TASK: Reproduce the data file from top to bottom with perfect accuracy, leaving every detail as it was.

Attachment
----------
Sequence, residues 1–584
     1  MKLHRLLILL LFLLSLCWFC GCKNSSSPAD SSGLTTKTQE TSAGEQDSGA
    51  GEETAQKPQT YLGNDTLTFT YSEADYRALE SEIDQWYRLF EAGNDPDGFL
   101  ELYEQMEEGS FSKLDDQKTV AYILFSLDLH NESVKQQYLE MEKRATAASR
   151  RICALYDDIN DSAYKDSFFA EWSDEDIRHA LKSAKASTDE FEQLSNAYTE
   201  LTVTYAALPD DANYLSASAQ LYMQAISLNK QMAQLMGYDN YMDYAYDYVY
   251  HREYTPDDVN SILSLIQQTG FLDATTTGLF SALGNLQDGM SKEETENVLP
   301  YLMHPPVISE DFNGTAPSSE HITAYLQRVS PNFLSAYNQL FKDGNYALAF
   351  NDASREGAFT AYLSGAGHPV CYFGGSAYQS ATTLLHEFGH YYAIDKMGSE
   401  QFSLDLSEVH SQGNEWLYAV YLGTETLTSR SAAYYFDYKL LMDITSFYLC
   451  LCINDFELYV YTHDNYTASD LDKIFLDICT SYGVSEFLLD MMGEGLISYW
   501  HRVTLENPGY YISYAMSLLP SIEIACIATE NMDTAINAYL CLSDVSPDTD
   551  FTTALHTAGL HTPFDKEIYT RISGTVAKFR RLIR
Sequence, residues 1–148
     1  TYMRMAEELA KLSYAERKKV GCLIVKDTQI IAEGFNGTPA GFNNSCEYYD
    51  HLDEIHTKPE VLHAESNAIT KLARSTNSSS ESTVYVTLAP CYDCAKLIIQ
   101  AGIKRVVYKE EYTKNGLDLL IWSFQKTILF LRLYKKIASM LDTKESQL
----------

Sequence, residues 1–584
     1  MKLHRLLILL LFLLSLCWFC GCKNSSSPAD SSGLTTKTQE TSAGEQDSGA
    51  GEETAQKPQT YLGNDTLTFT YSEADYRALE SEIDQWYRLF EAGNDPDGFL
   101  ELYEQMEEGS FSKLDDQKTV AYILFSLDLH NESVKQQYLE MEKRATAASR
   151  RICALYDDIN DSAYKDSFFA EWSDEDIRHA LKSAKASTDE FEQLSNAYTE
   201  LTVTYAALPD DANYLSASAQ LYMQAISLNK QMAQLMGYDN YMDYAYDYVY
   251  HREYTPDDVN SILSLIQQTG FLDATTTGLF SALGNLQDGM SKEETENVLP
   301  YLMHPPVISE DFNGTAPSSE HITAYLQRVS PNFLSAYNQL FKDGNYALAF
   351  NDASREGAFT AYLSGAGHPV CYFGGSAYQS ATTLLHEFGH YYAIDKMGSE
   401  QFSLDLSEVH SQGNEWLYAV YLGTETLTSR SAAYYFDYKL LMDITSFYLC
   451  LCINDFELYV YTHDNYTASD LDKIFLDICT SYGVSEFLLD MMGEGLISYW
   501  HRVTLENPGY YISYAMSLLP SIEIACIATE NMDTAINAYL CLSDVSPDTD
   551  FTTALHTAGL HTPFDKEIYT RISGTVAKFR RLIR
Sequence, residues 1–148
     1  TYMRMAEELA KLSYAERKKV GCLIVKDTQI IAEGFNGTPA GFNNSCEYYD
    51  HLDEIHTKPE VLHAESNAIT KLARSTNSSS ESTVYVTLAP CYDCAKLIIQ
   101  AGIKRVVYKE EYTKNGLDLL IWSFQKTILF LRLYKKIASM LDTKESQL